When driving alone, I probably use my cell phone more than I don’t use my cell phone. I like to catch up with parents, grandparents, and distant friends. I feel that simply talking on the phone with someone does not have a huge impact on how much attention I am paying towards the road and traffic. I figure this, because if I am not on the phone, I am finding a radio station with a great song so that I may use my steering wheel, armrest, and dashboard as a drum-set (especially when “Jungle Love” by the Steve Miller Band comes on, what a great beat!). Both are equally as distracting. However, I have found through personal experience that texting and driving is dangerous, stupid, and most of all irresponsible. As a driver, you are not only responsible for your own well-being, but also the well-being of your passengers and everyone else on the road.
    February 4, 2009 | Unregistered Commentersunshine

    There is no doubt that cell phones pose a great threat to yourself and others while driving. I text and talk on my phone daily while driving, and I like to think that I am “good’ at it. I’ve never gotten in an accident, but I do notice that I am so focused on my phone that I don’t really pay attention to the cars around me. I think that laws against using cell phones in the car are taking it too far. Drivers, especially young ones, need to be educated on the dangers, and not forbidden to do something they rely upon. As drivers we are constantly making judgments to keep ourselves and those around us safe, and using a cell phone in the car is just another choice you have to make.
    February 4, 2009 | Unregistered CommenterDover

    I believe that driving while talking on cell phones and especially while texting is extremely dangerous. We are known as being a generation that can multitask well, but it is unethical to do so, if you are putting someone’s life at risk. I talk while I drive, and I don’t believe it effects my driving, but texting is another story. Texting requires me to take my eyes off the road and I do believe it’s dangerous. And its not only phones, most cars these days have TV’s, GPS devices, ipods and plenty of other devices that distract drivers. This is definitely an issue the driver consciously needs to think about. Even if harsh rules were passed, it would be hard to enforce.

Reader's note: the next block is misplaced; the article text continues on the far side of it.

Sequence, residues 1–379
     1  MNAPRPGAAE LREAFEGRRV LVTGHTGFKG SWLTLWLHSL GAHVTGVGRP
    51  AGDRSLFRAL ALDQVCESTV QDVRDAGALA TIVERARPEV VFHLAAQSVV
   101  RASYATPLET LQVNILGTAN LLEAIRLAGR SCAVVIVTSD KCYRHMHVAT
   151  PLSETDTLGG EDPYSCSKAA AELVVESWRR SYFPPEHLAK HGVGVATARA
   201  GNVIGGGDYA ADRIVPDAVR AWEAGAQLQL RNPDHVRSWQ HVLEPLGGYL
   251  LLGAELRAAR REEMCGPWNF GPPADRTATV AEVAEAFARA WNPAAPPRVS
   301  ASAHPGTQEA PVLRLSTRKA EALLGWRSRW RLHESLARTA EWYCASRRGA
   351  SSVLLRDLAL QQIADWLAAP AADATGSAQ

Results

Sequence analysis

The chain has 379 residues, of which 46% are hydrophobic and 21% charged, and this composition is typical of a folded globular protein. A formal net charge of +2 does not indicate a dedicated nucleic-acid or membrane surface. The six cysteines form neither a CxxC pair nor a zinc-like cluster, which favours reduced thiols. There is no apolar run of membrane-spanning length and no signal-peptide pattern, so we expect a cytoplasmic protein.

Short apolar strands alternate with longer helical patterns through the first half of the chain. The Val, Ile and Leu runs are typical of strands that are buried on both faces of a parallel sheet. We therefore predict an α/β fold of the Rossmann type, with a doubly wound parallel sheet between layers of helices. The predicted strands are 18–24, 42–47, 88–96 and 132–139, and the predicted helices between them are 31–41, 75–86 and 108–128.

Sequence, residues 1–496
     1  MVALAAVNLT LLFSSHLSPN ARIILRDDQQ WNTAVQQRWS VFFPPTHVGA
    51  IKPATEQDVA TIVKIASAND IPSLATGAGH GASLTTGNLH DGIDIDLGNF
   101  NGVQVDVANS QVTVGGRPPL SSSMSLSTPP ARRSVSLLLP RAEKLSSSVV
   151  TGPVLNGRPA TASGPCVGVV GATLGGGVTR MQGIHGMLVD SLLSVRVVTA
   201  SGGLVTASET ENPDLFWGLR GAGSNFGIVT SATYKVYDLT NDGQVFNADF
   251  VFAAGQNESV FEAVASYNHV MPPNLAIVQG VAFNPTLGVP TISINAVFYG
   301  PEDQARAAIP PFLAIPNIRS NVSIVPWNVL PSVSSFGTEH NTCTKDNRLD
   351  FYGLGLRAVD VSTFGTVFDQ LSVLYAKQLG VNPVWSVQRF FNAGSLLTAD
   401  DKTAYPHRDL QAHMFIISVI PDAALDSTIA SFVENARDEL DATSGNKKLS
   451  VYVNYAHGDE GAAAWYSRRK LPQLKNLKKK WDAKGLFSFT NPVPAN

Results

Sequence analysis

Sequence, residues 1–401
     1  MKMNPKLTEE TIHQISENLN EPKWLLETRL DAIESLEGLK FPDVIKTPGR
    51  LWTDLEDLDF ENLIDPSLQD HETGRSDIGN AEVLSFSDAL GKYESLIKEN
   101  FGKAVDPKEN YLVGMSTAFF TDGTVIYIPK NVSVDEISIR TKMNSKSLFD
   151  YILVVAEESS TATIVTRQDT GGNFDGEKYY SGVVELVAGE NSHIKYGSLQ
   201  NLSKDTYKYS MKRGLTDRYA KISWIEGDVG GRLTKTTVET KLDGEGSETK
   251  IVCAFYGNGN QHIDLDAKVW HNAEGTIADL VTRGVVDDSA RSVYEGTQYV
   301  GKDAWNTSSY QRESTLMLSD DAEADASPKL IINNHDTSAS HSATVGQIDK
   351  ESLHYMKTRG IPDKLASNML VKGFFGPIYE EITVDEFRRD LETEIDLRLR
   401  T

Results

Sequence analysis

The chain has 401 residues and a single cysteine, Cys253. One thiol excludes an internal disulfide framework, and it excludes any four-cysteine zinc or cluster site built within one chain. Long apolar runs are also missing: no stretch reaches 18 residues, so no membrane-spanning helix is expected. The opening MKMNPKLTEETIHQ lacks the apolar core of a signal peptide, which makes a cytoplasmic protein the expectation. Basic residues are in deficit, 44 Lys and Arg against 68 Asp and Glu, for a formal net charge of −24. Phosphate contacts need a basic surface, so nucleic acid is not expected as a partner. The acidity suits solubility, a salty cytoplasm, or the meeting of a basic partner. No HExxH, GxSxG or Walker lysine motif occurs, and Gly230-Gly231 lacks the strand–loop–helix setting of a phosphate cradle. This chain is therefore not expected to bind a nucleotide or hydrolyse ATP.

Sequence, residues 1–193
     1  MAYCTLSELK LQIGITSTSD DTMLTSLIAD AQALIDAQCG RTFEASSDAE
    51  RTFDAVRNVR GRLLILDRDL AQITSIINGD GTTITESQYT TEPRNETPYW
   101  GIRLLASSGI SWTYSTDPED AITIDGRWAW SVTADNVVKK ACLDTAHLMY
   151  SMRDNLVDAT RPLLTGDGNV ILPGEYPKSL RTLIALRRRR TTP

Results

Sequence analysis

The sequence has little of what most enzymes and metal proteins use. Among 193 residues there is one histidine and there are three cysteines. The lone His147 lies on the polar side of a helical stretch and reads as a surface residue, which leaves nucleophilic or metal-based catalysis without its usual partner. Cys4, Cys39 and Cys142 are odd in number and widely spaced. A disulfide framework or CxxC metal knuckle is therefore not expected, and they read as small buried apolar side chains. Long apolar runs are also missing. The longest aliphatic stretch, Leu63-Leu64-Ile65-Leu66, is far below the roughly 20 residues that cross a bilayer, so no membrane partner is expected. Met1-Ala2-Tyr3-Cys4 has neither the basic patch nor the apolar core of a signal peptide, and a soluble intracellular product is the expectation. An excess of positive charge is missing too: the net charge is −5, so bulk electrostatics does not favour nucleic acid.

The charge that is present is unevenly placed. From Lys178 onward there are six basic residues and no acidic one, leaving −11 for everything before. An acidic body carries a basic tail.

February 4, 2009 | Unregistered Commenterjthought87

    I believe that cell phones, especially texting is a huge distraction while driving. It is no surprise to me that using a cell phone while driving can be compared to driving while legally drunk. I have found myself a few times driving down the road texting, not paying any attention at all. When I look back up who knows how far I have traveled. This definitely scares me and I need to work on that. I think that lawmakers should take some sort of action, especially with the new drivers coming along who have been raised in this tech oriented world.
    February 4, 2009 | Unregistered Commenterdaslonka

    I don’t think that texting and driving should be legal in any state. This summer, Minnesota passed a law banning texting and driving for drivers 18 and under. I think this would be a step in the right direction for many states because if new drivers don’t start out texting behind the wheel, perhaps they won’t ever begin to.

    While young drivers make me very nervous, old drivers are worse. I know that in most cases I can answer my phone or make a call without causing an accident, however, when my mom tries to do the same, it is a nightmare. I feel that older generations are less familiar with some of the distractions that cell phones can cause. I am not defending cell phone use in the car, but our generation grew up talking on the phone and driving. My parent’s generation only added cell phones to the driving equation a few years ago and have trouble balancing. This is also something for legislators to consider about banning use for only 18 and under.
    February 4, 2009 | Unregistered CommenterWMJ220

    The physical distraction of texting is greater than talking. Besides, the idea of handsfree headsets also decreases the the physical distraction of talking. Therefore, I find it funny that laws first jumped to ban calling but yet are still waiting to ban texting.

    However, I think banning these specific items is silly. Anyone at any time can be cognitively distracted through personal thoughts. Also, people can be much more physically distracted by eating or smoking. I’ve heard outrageous stats about driving-while-eating accidents. Why do cell phones get the brunt of this?
    February 4, 2009 | Unregistered Commenterdude.hey

    I am 100% guilty. I was even checking my email in my car the other day. I use my phone in the car because I feel that the time in my car, in between my daily obligations, is the only time I have to talk to friends and family in a quiet place. I do think laws need to be enforced. I have read this article and know the consequences, but do not think it will stop me (for long) from texting and emailing while driving. I am curious to know if any other commenter, especially the ones who say no laws- just education, will stop texting and driving now that they are more informed? Laws require us to be responsible citizens and we aren’t being responsible citizens if we are texting and driving.
    February 4, 2009 | Unregistered CommenterKUkris1